42. 42. ROTARY’S LEGISLATIVE PROCESS AND THE COUNCILS | 4 2 Additional Information • Articles 7, 8, and 9 of the RI Bylaws • The Councils page on Rotary’s website, with links to: – How to Propose Enactments – How to Propose Resolutions – Online resolution certification form – Online legislation certification form • How to Propose Legislation and Representative Training courses in the Learning Center • Council on Legislation workgroup, accessed through your profile on rotary.org • Email: Council_services@rotary.org
  43. 43. ROTARY’S LEGISLATIVE PROCESS AND THE COUNCILS | 4 3 Privacy Update • New privacy laws in effect (GDPR in the EU) • Enterprise project to review compliance – Process inventory – Lawful basis – Reviewed policies and notices • Website policy • Policy in the Code of Policies – Records management – Data breach procedures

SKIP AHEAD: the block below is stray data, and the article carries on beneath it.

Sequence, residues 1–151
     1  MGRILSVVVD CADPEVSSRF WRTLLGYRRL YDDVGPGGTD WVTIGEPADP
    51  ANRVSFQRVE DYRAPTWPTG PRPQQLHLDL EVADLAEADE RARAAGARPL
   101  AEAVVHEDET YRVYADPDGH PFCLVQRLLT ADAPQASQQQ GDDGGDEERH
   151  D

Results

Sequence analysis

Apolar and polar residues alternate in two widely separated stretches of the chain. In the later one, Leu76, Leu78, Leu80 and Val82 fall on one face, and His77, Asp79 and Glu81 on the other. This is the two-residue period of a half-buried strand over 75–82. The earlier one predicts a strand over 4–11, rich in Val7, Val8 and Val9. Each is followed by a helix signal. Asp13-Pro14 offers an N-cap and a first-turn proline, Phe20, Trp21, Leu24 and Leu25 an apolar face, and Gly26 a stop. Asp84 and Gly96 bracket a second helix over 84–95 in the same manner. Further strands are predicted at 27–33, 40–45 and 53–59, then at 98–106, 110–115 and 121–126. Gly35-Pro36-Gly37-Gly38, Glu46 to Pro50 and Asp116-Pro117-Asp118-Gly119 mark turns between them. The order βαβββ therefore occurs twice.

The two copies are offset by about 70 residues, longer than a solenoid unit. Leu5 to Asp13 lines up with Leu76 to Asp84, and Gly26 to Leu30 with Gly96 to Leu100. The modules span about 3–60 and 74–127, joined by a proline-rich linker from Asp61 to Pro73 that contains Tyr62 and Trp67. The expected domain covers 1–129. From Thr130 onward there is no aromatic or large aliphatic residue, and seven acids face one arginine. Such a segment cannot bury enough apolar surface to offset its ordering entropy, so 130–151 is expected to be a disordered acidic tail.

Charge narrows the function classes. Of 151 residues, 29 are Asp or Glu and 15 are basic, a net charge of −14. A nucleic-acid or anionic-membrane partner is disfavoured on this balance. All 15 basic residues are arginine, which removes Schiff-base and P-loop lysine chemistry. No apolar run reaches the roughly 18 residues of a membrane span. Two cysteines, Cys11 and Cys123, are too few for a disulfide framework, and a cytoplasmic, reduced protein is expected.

44. 44. Intellectual Property Rotary International Director-elect Orientation Jomarie B. Fredericks, Deputy General Counsel, Chief Intellectual Property Counsel 6 November 2018
  45. 45. 45 19.010: “The board shall maintain and preserve an emblem, badge, and other insignia of RI for the exclusive use and benefit of all Rotarians.” Art. XIX, RI bylaws (originally enacted in Art. XVI, 1922 bylaws) Clubs gave authority to RI in the bylaws to preserve and protect the trademarks as early as 1922.
  46. 46. 46 Types of RI Trademarks  Symbols and/or Designs  Words
  47. 47. 47 ROTARY MARKS ROTARY
  48. 48. 48 Trademark & Service Mark Registration  The Rotary Marks are registered in over 77 countries  RI’s ability to protect its rights and use of the Rotary Marks in a particular country is largely dependent on RI’s registered status.
  49. 49. 49 Monitoring Use of Others’ Marks  Track use of same or similar marks by others throughout the world  Prevent loss of trademark protection by opposing other’s use of same or similar marks  Familiar terms such as “escalator,” “zipper” and “aspirin” were once trademarks
  50. 50. 50 Licensing of the Rotary Marks